(Reuters) - Ford Motor Co (F.N) could resume production of its best-selling F-150 pickups as early as Friday, May 18 in Dearborn and Kansas City, according to a source familiar with the automaker’s plans.
Ford shut truck plants in Michigan, Missouri and Kentucky earlier this week because of parts shortages caused by a supplier fire in Michigan.
Also on Friday, Mercedes-Benz (DAIGn.DE) said SUV production at its Alabama plant stopped on Thursday because of parts shortages caused by the same May 2 fire at a Meridian Magnesium Products plant in Eaton Rapids, Michigan.
Mercedes said it had exhausted its supply of cockpit cross-members on May 9 and did not have enough parts to resume full production. It said the Alabama plant will reopen next week on a “modified production schedule” while the automaker works with Meridian to restore parts production.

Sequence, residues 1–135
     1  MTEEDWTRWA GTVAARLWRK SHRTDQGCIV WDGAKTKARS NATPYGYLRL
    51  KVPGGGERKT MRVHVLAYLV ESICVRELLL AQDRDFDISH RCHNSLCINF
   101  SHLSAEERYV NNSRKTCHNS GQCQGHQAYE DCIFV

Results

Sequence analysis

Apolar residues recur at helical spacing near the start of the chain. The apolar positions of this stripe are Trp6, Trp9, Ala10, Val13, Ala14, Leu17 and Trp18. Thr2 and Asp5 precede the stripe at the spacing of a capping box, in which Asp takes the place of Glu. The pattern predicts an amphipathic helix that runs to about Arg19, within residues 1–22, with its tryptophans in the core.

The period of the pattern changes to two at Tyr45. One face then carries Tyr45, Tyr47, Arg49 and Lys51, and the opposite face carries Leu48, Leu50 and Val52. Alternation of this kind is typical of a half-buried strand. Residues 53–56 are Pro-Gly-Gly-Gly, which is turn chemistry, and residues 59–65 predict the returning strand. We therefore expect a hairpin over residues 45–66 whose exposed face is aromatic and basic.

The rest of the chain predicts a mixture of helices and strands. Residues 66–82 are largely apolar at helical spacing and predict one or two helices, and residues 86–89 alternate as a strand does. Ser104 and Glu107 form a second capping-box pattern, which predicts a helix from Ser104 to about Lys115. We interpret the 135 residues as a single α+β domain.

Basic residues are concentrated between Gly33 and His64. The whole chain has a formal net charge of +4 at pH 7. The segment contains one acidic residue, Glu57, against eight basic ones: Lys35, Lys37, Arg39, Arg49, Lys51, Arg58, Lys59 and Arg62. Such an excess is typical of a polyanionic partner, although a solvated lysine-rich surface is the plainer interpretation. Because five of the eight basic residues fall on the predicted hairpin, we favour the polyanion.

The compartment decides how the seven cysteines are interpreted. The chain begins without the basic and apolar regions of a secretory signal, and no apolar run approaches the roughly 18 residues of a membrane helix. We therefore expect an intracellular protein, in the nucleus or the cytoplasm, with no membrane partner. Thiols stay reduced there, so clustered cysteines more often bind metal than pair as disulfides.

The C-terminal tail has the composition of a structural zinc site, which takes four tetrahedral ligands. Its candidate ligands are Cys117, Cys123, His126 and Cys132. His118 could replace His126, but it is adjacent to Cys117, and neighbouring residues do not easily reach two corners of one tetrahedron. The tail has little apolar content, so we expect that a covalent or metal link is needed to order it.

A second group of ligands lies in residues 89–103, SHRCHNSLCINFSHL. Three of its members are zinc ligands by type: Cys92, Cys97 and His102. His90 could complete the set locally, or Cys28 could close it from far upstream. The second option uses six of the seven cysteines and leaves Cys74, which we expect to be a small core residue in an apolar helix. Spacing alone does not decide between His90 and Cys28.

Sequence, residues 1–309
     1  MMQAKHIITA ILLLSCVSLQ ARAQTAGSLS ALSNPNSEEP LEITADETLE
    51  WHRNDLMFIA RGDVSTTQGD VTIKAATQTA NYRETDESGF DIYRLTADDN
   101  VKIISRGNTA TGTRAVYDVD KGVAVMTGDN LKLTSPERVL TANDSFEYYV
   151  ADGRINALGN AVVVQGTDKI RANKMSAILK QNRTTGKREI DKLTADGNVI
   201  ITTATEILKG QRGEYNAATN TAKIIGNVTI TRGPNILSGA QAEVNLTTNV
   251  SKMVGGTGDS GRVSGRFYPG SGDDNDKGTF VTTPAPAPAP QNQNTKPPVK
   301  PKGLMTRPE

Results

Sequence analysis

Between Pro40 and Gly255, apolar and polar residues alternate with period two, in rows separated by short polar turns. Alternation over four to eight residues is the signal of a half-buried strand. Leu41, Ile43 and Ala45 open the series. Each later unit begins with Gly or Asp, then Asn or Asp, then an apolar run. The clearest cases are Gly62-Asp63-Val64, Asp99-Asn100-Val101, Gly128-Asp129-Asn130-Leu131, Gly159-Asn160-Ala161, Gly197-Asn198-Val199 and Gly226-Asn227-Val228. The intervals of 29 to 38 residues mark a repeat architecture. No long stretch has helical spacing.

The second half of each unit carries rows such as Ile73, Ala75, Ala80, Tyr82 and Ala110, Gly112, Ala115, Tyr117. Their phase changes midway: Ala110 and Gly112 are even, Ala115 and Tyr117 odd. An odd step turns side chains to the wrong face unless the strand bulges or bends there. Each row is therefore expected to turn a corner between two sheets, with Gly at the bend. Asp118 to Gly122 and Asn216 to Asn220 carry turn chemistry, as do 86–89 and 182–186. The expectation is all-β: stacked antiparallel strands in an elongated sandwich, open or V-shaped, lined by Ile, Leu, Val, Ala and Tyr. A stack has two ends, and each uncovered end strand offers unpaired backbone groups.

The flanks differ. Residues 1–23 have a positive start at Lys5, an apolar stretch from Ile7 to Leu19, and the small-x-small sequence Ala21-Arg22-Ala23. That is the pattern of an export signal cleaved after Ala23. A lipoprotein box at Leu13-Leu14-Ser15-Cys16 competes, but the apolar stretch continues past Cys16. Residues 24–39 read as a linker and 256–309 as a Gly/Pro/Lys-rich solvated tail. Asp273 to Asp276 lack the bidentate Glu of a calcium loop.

Production of F-series Super Duty pickup trucks at Ford’s Louisville plant remains suspended, but production of the Ford Expedition and Lincoln Navigator large sports utility vehicles, also made there, has not been affected.
Ford executives earlier this week said the company’s quarterly earnings could be affected by shutdowns at the three truck plants, but affirmed its full-year earnings estimate.
Ford said it was working with Chinese-owned Meridian to shift production of the affected parts to other suppliers until the fire-damaged plant can be repaired and production resumed.
Ford shares were down slightly in after-hours trade, at $11.19.
(This story has been refiled to correct paragraph five to show that F-series production at Louisville plant remains suspended but production of Ford Expedition and Lincoln Navigator SUVs continues there.)
Reporting by Paul Lienert in Detroit; Editing by Dan Grebler